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Climate Deal Decades Away as 'Dysfunctional' U.S. Delays Cap
2010-12-13 05:00:01.3 GMT
By Alex Morales, Kim Chipman and Jim Efstathiou Jr.
Dec. 13 (Bloomberg) -- Delegates at the United Nations
climate talks stayed up two nights in a row last week to
agree on a proposal to slow global warming. Next year's
negotiations will likely be even tougher.
The plan gaveled through on Dec. 11 creates a climate
fund to channel as much as $100 billion a year in aid to
developing nations by 2020, protects forests and outlines
methods to verify cuts in fossil fuel emissions. No new
targets for curbing greenhouse gases were set, and debate on
the future of the Kyoto Protocol, which limits emissions by
developed countries until 2012, was put off until the next
meeting in Durban, South Africa, in December 2011.
With President Barack Obama struggling to salvage his
energy agenda and richer and poorer nations in conflict over
extending Kyoto's emission limits, a new worldwide climate
treaty may be 20 years away, said Tim Wirth, who in 1997 led
the U.S. delegation in Kyoto, Japan. Such a delay endangers
the future of $2.7 billion a year in pollution credits sold
under a UN program based on the Kyoto agreement.
"We have a dysfunctional Congress and an administration
without policy," Wirth, a former Democratic senator from
Colorado, said in an interview during two weeks of UN climate
talks in Cancun, Mexico. "The U.S. doesn't have an energy
strategy. You can't sign up to an international treaty unless
you know what you are going to do at home."
A dispute over extending emission cuts beyond 2012 under
the Kyoto plan, which called for a 5.2 percent reduction from
1990 levels among industrial nations, nearly derailed this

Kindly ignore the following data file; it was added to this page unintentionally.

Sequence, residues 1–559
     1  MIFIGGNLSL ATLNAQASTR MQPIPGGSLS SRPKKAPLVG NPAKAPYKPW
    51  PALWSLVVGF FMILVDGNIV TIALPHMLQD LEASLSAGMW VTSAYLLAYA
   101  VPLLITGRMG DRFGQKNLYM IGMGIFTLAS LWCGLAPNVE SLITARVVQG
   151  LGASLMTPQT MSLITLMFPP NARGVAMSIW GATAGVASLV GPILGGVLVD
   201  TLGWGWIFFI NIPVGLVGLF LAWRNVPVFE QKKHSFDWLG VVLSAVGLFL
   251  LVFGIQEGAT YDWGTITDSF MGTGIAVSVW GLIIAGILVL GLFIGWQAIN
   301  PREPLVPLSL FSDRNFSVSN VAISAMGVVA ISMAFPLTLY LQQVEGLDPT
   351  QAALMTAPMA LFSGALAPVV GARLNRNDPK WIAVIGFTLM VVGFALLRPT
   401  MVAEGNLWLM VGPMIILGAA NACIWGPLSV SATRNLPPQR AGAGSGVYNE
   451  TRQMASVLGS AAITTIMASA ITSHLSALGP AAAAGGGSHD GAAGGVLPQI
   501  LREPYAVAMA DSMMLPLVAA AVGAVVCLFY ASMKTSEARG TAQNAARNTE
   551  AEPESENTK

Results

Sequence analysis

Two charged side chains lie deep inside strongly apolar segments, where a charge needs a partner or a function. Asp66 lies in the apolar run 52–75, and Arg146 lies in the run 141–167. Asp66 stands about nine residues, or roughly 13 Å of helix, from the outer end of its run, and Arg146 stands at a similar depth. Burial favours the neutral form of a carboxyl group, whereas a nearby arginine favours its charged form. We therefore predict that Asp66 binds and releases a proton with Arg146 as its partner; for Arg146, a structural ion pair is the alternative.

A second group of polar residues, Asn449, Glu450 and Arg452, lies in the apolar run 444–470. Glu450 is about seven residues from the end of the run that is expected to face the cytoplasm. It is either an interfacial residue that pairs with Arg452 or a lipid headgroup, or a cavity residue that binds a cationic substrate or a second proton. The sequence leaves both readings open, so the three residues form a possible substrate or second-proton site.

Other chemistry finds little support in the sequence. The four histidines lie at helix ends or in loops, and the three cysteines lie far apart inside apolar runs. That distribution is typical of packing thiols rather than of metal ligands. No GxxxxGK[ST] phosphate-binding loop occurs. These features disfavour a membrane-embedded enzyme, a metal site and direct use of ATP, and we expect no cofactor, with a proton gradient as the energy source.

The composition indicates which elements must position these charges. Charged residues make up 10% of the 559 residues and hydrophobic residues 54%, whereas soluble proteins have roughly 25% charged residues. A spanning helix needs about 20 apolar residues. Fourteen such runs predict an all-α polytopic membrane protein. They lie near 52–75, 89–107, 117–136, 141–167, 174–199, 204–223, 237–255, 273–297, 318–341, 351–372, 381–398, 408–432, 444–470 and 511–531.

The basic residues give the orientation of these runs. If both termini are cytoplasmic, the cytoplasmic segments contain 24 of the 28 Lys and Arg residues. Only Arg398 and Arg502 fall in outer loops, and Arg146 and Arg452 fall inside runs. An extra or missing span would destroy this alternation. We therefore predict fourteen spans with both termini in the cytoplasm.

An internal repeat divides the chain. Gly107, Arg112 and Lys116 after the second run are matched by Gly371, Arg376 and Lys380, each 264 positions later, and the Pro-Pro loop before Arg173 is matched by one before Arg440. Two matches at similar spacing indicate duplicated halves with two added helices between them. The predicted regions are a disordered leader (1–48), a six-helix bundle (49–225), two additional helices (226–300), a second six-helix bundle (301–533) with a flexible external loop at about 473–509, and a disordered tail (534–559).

year's UN conference.
China vs. Japan
China, India, Brazil and South Africa pressed developed
countries to make bigger cuts. Japan, Russia and Canada all
said they don't want to extend Kyoto unless the two biggest
emitters, China and the U.S., are brought into the pact.
Delegates papered over the rift by keeping alive the
prospect of extending Kyoto while not setting new targets for
polluters. Bolivia was the lone voice among the 193 nations
present objecting to that decision, saying it wasn't
ambitious enough. Bolivia's objection was overridden.
"The collapse of the Kyoto Protocol, particularly with
the U.S. being so many years away from even having a serious
discussion, would really take the wind out of climate change
negotiations," Kevin Conrad, Papua New Guinea's envoy to the
talks, said in an interview.
Obama, who ran for president on a pledge to push for a
U.S. cap-and-trade system to cut emissions and fight climate
change, failed to get legislation through the Senate this
year. Then Republicans -- including those who disagree with
the notion of man-made climate change -- won control of the
House of Representatives and gained seats in the Senate in
Obama now says climate legislation probably can't win
congressional approval until 2013 at the earliest. That means
Kyoto's emission limits will expire before the U.S. sets
legislation to back up its commitments on cutting emissions,
making it unlikely developing countries will pledge cuts of
"The U.S. does have to take a lead because, if the U.S.
sits there and does nothing, then the world will not react,
especially the developing world," Dow Chemical Co. Chief
Executive Officer Andrew Liveris said in an interview in
Cancun, where he joined other CEOs lobbying countries to take
U.S. delegation chief Todd Stern in Cancun reaffirmed
Obama's pledge to cut emissions about 17 percent by 2020, a
promise contingent on having domestic laws to back it up.
Kyoto spurred the development of the world's largest